Don't friend a scammer this Valentine's Day
The ACCC is warning people to be careful about who they ‘friend’ online this Valentine’s Day with stats showing people are most likely to be preyed upon by dating and romance scammers on social media sites.
Australians reported losses of $20.5 million to Scamwatch from dating and romance scams in 2017 with more than 3700 reports. These numbers are just the tip of the iceberg. Women lost nearly twice as much money as men and people aged 45 and over are most likely to be targeted.
Overall people lost $9.7 million to dating and romance scams through social media – an increase of nearly 30 per cent compared to 2016.
“Social media has overtaken online dating sites as the most common way for dating and romance scammers to contact potential victims,” ACCC Deputy Chair Delia Rickard said.
“Valentine’s Day is just around the corner and while it’s a happy day for many, for some it can be quite lonely and isolating. If you’re going on social media, a dating site or app to find a potential Mr or Ms Right, it’s important to keep your guard up to a scammer’s advances.”
Follow these helpful tips to protect yourself online from a dating and romance scammer:
- Scammers create believable profiles to present themselves as an almost too good to be true ‘catch’. Use a Google Image search to check if their profile picture is genuine.
- If the person you are interested in says they are overseas, or can’t meet you right now for any reason, be suspicious. Their excuse may sound reasonable but it is usually a lie.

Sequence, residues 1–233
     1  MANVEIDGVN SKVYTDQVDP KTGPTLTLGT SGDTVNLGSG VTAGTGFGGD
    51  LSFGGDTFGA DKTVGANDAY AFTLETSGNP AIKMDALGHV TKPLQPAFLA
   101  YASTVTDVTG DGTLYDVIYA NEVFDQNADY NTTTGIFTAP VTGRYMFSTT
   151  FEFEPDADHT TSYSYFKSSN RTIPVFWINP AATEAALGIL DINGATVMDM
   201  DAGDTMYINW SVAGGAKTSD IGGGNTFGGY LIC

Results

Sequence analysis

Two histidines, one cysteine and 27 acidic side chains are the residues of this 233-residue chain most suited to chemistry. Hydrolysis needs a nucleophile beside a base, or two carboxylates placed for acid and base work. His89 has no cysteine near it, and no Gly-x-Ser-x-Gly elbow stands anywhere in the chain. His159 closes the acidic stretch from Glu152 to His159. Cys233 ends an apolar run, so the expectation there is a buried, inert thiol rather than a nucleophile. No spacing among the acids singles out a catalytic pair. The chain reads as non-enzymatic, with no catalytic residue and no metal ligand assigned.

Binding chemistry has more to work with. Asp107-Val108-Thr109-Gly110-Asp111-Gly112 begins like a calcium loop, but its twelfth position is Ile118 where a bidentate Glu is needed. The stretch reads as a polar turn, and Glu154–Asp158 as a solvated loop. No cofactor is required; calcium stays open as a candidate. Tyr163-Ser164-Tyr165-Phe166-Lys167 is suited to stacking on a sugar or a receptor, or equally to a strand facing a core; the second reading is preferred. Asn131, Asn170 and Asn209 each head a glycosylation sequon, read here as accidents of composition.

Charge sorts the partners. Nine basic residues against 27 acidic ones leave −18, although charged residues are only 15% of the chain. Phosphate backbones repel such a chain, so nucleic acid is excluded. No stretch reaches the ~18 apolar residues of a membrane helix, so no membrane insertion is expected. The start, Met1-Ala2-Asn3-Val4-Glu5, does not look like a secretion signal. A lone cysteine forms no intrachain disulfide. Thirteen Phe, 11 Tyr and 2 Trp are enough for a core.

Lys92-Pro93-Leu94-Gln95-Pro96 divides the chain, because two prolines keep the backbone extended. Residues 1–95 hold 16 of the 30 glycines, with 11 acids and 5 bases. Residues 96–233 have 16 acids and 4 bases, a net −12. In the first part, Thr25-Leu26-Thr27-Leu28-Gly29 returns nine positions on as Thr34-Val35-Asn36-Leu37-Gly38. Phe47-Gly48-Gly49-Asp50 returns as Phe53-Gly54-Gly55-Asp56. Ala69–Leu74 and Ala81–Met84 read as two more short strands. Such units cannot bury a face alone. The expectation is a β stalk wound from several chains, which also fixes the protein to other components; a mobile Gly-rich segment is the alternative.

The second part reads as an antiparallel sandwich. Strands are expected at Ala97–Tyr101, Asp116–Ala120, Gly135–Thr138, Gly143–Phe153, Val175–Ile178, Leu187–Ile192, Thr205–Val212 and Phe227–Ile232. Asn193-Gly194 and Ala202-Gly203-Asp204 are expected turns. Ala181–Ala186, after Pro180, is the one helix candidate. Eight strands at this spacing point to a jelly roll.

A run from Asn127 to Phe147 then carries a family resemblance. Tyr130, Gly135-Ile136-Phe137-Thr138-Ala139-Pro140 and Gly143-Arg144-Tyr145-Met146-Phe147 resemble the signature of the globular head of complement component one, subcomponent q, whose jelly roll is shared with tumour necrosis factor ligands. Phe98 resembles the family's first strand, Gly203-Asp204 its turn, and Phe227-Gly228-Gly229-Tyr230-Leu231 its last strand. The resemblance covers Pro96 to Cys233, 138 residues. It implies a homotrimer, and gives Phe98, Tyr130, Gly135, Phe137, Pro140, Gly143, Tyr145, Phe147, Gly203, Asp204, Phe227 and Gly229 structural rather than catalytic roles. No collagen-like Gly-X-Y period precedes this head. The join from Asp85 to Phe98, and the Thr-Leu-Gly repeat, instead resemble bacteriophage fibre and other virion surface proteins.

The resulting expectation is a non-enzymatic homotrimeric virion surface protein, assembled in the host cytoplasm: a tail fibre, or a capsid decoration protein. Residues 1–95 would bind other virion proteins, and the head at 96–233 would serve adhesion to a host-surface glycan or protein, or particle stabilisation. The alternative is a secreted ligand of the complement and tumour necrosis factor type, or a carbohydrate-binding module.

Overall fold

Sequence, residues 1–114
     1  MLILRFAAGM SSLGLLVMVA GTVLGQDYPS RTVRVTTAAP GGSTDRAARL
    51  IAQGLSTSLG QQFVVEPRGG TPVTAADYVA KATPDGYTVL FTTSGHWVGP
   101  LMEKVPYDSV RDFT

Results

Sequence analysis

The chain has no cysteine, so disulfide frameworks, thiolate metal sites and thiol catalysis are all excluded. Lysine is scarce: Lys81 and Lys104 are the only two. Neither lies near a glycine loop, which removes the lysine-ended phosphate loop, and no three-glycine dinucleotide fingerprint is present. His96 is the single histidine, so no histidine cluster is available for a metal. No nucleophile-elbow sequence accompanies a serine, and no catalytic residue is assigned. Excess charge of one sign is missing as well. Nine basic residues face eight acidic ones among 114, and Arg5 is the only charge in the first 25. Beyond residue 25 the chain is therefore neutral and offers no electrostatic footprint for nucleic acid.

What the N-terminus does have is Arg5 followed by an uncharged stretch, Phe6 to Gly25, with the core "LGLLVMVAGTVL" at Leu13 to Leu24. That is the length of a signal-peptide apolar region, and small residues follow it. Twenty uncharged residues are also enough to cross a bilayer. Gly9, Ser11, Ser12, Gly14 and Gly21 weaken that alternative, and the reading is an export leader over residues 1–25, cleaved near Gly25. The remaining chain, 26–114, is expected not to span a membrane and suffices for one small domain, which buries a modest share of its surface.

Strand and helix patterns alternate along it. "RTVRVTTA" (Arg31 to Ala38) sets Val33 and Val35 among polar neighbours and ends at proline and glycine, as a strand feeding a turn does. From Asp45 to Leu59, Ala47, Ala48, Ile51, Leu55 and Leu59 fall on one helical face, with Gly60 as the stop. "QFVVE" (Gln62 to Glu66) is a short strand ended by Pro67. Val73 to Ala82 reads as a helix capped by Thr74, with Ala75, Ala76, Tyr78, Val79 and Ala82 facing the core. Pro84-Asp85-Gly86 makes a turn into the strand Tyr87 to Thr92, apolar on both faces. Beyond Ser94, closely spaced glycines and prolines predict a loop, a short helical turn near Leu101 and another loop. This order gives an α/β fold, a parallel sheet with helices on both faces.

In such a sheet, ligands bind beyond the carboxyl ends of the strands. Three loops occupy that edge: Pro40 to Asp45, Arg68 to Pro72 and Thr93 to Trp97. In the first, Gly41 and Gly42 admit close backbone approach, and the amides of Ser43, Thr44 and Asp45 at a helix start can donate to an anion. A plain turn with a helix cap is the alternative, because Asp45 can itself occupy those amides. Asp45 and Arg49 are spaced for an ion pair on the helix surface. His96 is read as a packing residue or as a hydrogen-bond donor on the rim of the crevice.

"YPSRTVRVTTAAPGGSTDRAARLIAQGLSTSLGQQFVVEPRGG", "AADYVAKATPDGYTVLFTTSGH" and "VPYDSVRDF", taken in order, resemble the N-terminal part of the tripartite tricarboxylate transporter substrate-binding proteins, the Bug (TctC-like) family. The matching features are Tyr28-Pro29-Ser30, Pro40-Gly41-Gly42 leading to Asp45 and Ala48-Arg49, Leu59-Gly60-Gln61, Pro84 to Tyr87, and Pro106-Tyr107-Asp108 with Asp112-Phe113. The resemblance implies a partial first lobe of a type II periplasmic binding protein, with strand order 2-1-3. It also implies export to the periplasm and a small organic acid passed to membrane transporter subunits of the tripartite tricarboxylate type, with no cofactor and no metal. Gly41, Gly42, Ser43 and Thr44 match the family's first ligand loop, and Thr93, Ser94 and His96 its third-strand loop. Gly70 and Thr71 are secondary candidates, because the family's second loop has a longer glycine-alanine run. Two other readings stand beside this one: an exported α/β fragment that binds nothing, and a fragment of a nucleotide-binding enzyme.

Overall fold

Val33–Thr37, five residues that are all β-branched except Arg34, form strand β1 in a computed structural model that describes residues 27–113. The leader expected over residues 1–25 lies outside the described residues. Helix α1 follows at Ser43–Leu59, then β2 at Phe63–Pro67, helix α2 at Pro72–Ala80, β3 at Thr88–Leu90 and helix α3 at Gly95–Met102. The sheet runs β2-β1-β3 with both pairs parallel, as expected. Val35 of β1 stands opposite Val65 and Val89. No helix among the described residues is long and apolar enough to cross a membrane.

- Be careful when people profess strong feelings early on. Scammers want you to fall in love with them so they can abuse your trust and feelings to get money out of you.
- Don’t ever give money to someone you have only met online. Scammers spin sympathetic tales about why they need money but don’t fall for it.
- Don’t share intimate photos or use webcams in an intimate setting. Scammers use these photos or webcam recordings to blackmail their victims.
Western Union refunds
Western Union recently agreed to pay a penalty of US$586 million to the United States’ Department of Justice (DOJ) after admitting to aiding and abetting wire fraud. The DOJ is using this penalty to provide refunds to eligible people worldwide, including Australian scam victims, who were tricked into paying scammers via Western Union.
Scamwatch is urging all Australians who lost money to a scammer through Western Union from 2004 to 2017 to take action by 31 May to try to get it back. This includes victims of dating and romance scammers.
Further information, including how to make an application for a refund, is available at:
Victims scammed via Western Union may get refunds.